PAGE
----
[Build-common-hackers] Bug#213374: marked as done (cdbs: README in DocBook/XML)

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Wed, 15 Oct 2003 22:33:10 -0500

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Subject: cdbs: README in DocBook/XML
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Package: cdbs
Version: 0.4.8
Severity: normal
Tags: patch

In the TODO a README in DocBook/XML format is requested.
See attachment cdbs.dbk.

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Content-Disposition: attachment; filename="cdbs.dbk"

<?xml version='1.0' encoding='ISO-8859-1'?>
<!DOCTYPE article PUBLIC "-//OASIS//DTD DocBook XML V4.2//EN"
    <title>Introduction to the Common Debian Build System</title>

    <para>In a single sentence: CDBS is a framework based on
    Makefile inheritance for building Debian packages.</para>

    <para>It is essentially a set of Makefile fragments which you may
    include into your <filename>debian/rules</filename>.  Each
    makefile fragment can have effects in different parts of your
    build process.</para>

    <para>The original motivating factor for CDBS was originally that
    more and more programs today are created using GNU configure
    scripts and GNU automake, and as such they are all very similar to
    configure and build.  I realized that a lot of duplicated code in
    everyone's debian/rules could be factored out.  But CDBS isn't
    only useful for packages which use the GNU autotools.  It is a
    flexible core upon which you can create your own custom build

    <title>Versioning note</title>

    <para>CDBS might change incompatibly in the future, and to allow
    for this, all the rules and classes are in a verison-specific
    subdirectory.  That's the reason for the <literal>1</literal> in
    <filename>/usr/share/cbds/1</filename>.  For right now though,
    during the initial development of cdbs, when few packages are
    using it, I might break compatibility in small ways.  You will be
    warned if this happens.</para>

    <title><filename>buildcore.mk</filename>: A framework</title>

    <para>Every CDBS-using <filename>debian/rules</filename> should
    eventually include
    <filename>/usr/share/cdbs/1/rules/buildcore.mk</filename> (it
    might be included automatically via dependencies, as we will see
    later).  This Makefile fragment sets up all of the core default
    Makefile structure and variables, but doesn't actually
    <emphasis>do</emphasis> anything on its own.</para>

    <para>You can use the <filename>buildcore.mk</filename> rules to
    hook in your own build system to actually implement each stage of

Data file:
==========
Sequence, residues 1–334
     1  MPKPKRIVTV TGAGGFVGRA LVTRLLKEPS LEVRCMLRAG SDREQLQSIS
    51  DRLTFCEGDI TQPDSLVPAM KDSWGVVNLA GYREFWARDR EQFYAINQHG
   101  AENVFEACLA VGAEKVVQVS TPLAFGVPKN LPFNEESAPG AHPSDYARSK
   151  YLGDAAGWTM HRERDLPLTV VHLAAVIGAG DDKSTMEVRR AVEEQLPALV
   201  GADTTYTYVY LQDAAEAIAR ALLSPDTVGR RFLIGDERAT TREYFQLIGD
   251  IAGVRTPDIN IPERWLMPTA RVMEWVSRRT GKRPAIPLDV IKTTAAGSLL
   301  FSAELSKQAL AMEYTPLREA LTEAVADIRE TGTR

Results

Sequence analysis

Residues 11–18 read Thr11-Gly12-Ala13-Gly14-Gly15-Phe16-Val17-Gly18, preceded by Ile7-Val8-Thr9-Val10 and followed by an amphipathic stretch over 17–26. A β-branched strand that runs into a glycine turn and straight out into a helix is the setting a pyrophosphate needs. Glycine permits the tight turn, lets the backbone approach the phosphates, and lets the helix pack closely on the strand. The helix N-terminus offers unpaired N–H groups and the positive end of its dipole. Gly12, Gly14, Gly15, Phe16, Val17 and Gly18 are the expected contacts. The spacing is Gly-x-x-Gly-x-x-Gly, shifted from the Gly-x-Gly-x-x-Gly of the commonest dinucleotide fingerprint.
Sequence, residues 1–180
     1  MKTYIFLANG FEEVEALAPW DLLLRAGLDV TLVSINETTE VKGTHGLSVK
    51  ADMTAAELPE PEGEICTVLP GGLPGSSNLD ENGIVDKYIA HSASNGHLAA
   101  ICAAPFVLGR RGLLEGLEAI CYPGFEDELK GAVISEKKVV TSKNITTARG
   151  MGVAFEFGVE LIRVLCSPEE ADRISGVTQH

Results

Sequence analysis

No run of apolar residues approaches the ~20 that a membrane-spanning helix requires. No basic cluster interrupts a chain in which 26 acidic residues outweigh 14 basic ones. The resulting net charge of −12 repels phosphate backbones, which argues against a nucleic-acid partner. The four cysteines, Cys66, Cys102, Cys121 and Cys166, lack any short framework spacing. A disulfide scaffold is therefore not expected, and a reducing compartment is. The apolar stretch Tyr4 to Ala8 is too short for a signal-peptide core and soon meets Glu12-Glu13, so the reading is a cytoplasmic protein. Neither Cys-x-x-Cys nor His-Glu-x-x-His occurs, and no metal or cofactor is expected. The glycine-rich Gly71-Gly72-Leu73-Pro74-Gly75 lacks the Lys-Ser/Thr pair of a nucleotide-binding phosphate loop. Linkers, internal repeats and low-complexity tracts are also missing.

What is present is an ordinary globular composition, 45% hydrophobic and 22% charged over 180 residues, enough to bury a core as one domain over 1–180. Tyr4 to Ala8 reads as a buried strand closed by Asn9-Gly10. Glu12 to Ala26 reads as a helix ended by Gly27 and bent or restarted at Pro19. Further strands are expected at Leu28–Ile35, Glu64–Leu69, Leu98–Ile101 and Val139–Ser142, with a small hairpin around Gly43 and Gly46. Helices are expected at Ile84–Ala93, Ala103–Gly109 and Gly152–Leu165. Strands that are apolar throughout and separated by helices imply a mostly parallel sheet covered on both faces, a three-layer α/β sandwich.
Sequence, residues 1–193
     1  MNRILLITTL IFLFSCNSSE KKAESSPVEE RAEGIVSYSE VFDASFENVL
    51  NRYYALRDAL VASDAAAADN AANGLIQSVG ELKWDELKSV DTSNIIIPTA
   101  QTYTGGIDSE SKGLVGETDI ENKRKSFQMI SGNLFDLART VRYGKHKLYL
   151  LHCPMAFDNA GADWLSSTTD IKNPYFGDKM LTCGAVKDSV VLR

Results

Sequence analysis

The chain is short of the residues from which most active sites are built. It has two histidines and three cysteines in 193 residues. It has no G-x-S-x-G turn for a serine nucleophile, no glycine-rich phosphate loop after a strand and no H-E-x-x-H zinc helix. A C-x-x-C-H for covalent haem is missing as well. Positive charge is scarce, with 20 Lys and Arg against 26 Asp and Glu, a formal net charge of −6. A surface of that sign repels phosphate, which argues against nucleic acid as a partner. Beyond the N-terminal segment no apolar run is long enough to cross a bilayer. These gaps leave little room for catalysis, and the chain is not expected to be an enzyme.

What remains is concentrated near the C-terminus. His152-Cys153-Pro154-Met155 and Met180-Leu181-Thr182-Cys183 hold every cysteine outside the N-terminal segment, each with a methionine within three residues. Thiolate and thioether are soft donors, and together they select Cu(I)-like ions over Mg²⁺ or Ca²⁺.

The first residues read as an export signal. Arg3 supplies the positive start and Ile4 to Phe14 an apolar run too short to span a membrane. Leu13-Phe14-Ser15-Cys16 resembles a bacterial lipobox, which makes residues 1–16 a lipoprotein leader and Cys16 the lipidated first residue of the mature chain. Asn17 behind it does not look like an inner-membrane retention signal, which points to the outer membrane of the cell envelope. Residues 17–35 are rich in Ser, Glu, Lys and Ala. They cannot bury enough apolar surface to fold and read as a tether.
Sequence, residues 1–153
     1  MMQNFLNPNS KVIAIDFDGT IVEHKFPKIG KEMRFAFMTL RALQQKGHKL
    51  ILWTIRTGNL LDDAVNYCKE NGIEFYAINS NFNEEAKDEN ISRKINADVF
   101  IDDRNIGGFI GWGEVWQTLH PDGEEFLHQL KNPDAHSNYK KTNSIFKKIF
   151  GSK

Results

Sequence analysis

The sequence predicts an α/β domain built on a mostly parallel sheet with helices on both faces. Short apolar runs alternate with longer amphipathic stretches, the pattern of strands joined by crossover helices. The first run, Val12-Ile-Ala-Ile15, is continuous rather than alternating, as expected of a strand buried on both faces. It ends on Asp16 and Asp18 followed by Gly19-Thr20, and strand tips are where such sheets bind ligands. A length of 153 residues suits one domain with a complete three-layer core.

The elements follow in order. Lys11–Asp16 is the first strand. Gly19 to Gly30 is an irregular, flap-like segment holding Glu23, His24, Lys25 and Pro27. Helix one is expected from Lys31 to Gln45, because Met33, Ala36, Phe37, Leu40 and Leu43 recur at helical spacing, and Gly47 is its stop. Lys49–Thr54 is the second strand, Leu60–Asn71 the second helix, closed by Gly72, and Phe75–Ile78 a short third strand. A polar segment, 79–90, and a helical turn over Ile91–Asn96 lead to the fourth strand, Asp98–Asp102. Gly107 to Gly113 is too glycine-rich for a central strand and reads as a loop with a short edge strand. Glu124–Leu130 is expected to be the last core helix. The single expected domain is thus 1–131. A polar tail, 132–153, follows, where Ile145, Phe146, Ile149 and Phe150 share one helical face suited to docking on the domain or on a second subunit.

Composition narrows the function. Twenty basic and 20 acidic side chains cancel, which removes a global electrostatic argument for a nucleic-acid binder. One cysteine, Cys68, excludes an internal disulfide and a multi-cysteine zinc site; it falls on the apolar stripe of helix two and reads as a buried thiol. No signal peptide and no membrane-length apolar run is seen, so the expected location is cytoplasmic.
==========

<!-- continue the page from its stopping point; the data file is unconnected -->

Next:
compiling, installing, and building .debs if you wish.</para>

    <title>Introduction to classes</title>

    <para>However, cdbs also provides <emphasis>classes</emphasis>
    which contain makefile rules and variables implementing some or
    all of these steps.  Classes tend to be declarative; they say your
    program has particular properties.  Suppose for instance that your
    package uses a regular Makefile to compile, and has the normal
    <command>make</command> and <command>make install</command>
    targets.  In that case, you can say:</para>

    <programlisting>include /usr/share/cdbs/1/class/makefile.mk</programlisting>

    <para>And you get all the code to run <command>make</command>
    automagically.  This basically works by adding code to the
    <literal>common-install-arch</literal>, and
    <literal>common-install-indep</literal> targets inside
    <filename>buildcore.mk</filename>.  It might be instructive to
    look at <filename>makefile.mk</filename> now.</para>

    <title><filename>debhelper.mk</filename>: A rule fragment</title>

    <para>The next important piece of the puzzle is to actually build
    .debs from the now compiled software.  You could implement this
    step yourself if you wished, but most people will want to take
    advantage of Debhelper to do it mostly automatically.  To do this,
    simply add another line like:</para>

    <programlisting>include /usr/share/cdbs/1/rules/debhelper.mk</programlisting>

    <para>Note that if you use <filename>debhelper.mk</filename>, you
    must add a Build-Depends on debhelper (>= 4.1.0).</para>

    <title>A full example</title>

    <para>With just the two lines above, you should have a reasonable
    first cut at a fully functional build system!  To recap, your
    debian/rules should now look like:</para>

    <programlisting>#!/usr/bin/make -f
include /usr/share/cdbs/1/rules/debhelper.mk
include /usr/share/cdbs/1/class/makefile.mk</programlisting>

    <para>And that's all!  Note that <filename>makefile.mk</filename>
    and <filename>debhelper.mk</filename> both include
    <filename>buildcore.mk</filename>, so you don't need to include it

    <para>Incidentally, you should usually include
    <filename>debhelper.mk</filename> first, before other rules.  This
    will turn on optional Debhelper-using parts of other rules, if
    any, which is usually what you want.</para>

    <title>Class inheritance</title>

    <para>Now, let's look at some common situations.  Say that your
    package uses GNU autoconf and automake.  In that case, you can use
    the provided <classname>autotools</classname> class.  One thing to
    note is that the autotools class actually builds upon the
    <classname>makefile</classname> class.  This
    <classname>autotools</classname> class will take care of details
    such as updating the <filename>config.{sub,guess}</filename>
    files, running <command>./configure</command> with the standard
    arguments, etc.  So now our debian/rules looks like:</para>

    <programlisting>#!/usr/bin/make -f
include /usr/share/cdbs/1/rules/debhelper.mk
include /usr/share/cdbs/1/class/autotools.mk</programlisting>


    <para>However, suppose you need to pass --disable-frobnication to
    ./configure.  How do you do this?  Well, it couldn't be easier.